High-Order High-Accuracy Unconditionally Stable Discretization Method

Discretization of continuous-time systems is an important and widely used technique to translate continuous-time models (CTM) to discrete-time models (DTM) needed to run it in digital computer architectures. Discretization techniques have been extensively studied and many methods have been proposed. The existing methods are subjected to constraints based on computer implementation efficiency, stability and accuracy.

Traditionally, the so called Integration Formulae (IF) such as Runge-Kutta and BDF (Backward Differentiation Formulae) are the most popular ones used in simulation, mostly because these methods are capable of high order approximation, and thus, they can provide high accuracy. Nevertheless, they achieve it at the expense of high computational cost and reduced stability what makes them inadequate to embedded system applications such as real-time filtering and control. The vast majority of embedded applications use the Backward Euler or the Trapezoidal Method. The first is unconditionally stable but is a first order method which implies reduced accuracy. The second one is a second order method but is marginally stable (not unconditionally stable).

Kylowave Inc. has developed a new discretization method which is unconditionally stable and can be easily tuned to achieve high-order without sacrificing its stability properties. In addition, our proprietary patent-pending method can be efficiently implemented in hardware or in software. The figure shows the comparison of Kylowave Inc. method compared to the most popular existing discretization methods for the case of a 5th-order filter. It becomes apparent from the figure that our method produces a significantly superior discrete-time approximation for the gain and the phase responses. The same result also applies for other digital filters and controllers. Please contact us to learn more how your applications can benefit from our technology.

High Accuracy Multi-Phase Permanent Magnet Motor Real-Time Model

Kylowave Inc. has developed a new high accuracy model for multi-phase permanent magnet motors such as BLDC (Brushless DC motor) and PMSM (Permanent Magnet Synchronous Motor) motors. Based on our patent pending technology, we are currently implementing an HDL a real-time high speed and high accuracy model for multi-phase BLDCMs and PMSMs motors.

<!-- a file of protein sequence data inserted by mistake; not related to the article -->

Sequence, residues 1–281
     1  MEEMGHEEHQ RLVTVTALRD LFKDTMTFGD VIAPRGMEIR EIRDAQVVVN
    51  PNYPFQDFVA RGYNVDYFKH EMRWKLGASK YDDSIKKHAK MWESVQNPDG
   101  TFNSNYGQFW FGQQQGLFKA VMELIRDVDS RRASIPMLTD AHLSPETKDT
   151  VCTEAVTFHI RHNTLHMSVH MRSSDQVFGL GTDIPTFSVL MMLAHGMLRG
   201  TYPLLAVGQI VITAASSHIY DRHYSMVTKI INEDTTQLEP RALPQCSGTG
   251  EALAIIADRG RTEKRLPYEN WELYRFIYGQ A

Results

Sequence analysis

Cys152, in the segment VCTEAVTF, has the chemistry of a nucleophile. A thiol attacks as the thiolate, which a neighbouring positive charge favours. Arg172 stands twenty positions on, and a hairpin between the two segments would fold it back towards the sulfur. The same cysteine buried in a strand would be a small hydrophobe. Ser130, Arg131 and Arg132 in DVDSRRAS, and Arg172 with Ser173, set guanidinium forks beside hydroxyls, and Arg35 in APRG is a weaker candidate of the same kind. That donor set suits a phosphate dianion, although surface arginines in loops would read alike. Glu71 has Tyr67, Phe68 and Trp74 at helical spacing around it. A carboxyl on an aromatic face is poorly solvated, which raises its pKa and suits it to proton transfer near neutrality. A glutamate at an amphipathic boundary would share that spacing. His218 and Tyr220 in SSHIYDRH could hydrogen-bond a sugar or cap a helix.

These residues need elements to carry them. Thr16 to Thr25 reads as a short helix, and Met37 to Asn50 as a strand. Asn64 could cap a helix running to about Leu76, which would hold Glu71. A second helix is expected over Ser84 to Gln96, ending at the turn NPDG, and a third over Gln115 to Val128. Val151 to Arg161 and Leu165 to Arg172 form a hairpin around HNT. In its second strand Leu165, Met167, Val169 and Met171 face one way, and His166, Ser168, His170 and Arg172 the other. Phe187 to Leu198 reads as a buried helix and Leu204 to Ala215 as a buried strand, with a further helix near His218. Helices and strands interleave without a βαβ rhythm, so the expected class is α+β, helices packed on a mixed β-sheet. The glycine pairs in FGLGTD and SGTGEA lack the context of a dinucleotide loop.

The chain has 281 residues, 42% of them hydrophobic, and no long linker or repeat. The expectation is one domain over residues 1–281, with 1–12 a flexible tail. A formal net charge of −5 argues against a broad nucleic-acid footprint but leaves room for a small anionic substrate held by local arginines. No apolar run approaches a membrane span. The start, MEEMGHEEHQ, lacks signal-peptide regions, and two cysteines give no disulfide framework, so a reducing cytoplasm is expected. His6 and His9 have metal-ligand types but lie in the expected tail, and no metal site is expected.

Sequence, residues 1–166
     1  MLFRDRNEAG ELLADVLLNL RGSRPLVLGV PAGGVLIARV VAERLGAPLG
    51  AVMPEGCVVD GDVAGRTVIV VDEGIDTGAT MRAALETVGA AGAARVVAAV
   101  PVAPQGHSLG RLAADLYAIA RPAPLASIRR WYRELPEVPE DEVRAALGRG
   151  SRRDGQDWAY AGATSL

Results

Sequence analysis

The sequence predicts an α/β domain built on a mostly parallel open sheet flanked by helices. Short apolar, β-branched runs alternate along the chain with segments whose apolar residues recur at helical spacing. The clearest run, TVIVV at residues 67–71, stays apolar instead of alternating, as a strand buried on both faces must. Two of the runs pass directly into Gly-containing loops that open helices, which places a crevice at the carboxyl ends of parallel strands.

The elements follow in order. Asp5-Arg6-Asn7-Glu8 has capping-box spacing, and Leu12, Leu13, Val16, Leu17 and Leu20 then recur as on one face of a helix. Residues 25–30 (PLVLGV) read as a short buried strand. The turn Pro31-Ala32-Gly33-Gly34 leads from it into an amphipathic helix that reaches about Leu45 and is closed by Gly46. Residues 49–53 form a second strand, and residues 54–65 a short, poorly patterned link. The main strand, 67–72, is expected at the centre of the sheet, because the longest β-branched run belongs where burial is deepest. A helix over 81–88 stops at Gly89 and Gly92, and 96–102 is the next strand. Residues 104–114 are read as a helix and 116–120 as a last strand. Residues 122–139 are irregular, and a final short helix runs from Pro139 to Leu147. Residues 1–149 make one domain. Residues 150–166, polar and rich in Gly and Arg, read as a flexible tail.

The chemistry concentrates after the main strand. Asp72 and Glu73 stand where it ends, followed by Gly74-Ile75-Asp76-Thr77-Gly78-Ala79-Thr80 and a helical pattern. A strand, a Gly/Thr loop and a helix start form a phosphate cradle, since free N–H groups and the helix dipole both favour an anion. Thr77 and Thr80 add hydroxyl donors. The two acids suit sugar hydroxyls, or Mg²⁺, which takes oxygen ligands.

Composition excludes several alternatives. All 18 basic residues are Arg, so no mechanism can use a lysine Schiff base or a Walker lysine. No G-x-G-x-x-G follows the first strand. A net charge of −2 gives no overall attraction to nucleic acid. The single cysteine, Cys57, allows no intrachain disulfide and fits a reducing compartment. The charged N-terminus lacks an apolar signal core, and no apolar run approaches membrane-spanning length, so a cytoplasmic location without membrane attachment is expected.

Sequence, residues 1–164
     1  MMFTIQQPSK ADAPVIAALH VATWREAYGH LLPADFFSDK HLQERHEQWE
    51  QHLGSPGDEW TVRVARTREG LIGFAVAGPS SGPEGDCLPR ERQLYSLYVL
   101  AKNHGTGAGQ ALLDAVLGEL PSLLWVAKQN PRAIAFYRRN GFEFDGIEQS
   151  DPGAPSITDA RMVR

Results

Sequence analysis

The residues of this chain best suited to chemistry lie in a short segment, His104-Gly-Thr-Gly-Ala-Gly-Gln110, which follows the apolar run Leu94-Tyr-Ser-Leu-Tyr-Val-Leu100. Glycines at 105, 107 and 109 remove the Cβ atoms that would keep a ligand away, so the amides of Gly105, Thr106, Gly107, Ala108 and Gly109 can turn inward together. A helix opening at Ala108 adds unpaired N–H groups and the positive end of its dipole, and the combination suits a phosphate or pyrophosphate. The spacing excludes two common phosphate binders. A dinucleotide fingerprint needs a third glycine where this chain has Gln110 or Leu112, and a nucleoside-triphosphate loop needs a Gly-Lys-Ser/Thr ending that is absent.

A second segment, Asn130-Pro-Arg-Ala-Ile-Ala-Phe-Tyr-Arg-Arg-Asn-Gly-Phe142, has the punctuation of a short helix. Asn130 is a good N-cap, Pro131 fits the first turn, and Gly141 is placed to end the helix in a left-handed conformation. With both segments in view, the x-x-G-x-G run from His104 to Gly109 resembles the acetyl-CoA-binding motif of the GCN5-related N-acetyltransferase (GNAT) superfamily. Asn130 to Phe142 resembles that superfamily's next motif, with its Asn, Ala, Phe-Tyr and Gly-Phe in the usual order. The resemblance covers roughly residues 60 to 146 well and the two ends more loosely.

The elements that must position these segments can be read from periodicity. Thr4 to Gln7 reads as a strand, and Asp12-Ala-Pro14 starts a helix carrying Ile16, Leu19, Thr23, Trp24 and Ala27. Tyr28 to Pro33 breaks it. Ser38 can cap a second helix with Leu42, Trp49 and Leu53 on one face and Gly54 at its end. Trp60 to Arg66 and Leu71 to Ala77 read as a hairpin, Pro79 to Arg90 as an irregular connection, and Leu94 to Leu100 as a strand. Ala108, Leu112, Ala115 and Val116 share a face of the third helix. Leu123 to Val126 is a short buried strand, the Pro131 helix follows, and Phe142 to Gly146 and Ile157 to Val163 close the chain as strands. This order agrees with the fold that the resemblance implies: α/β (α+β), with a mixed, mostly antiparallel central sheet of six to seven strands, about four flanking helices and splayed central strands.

These models are useful in test and verification of intelligent motion controllers for advanced mission critical applications such as Underwater Unmanned Vehicles (UUVs) and Unmanned Aerial Vehicles (UVs). Other applications required to comply with demanding safety standards would also significantly benefit from our technology.

FPGA-Based Hardware Acceleration of Complex Algorithms

Traditionally, simulation and control applications requiring higher speed and higher accuracy have relied on the advancements made to the microcontrollers and DSPs in order to achieve higher performance. Despite the remarkable progress made on those technologies during the last three decades, it has been recently reported their pace of progress started to slow down as those technologies achieved maturity. For example, ten years ago the minimum simulation time step for a commercial state-of-the-art cluster-based real-time simulator was around 20 microseconds. Nowadays, ten years later, it is at best at 5 microseconds if we exploit every resource the present technology can offer.

Trends reported by mainstream automotive suppliers have already indicated the potential advantages of FPGA devices compared to the microcontroller and DSP technologies. Their capacity to implement and integrate both software and digital hardware functionalities on a single component is very attractive to reduce complexity and increase integration. Despite it, one main challenge preventing its widespread adoption, however, may be one of design methodologies encompassing design, implementation, simulation and verification of the product.

Kylowave Inc. has developed a proprietary technology to map complex multi-physics algorithms into massively parallel processing architectures such as FPGAs. Our technology allow us to map the algorithms directly in a hardware description language such as VHDL, thus, avoiding the speed limitations created by the separate memory-processor paradigm adopted by microcontrollers and DSPs. Combined with our proprietary patent-pending discretization, we can map linear and nonlinear dynamical models (controllers, filters, motor models, etc.) automatically into a reconfigurable hardware such as FPGAs. The experimental results shows that this approach achieves a speed up of more than one order of magnitude compared to the existing technologies. Similar speed up has been obtained with real-time simulation and control applications.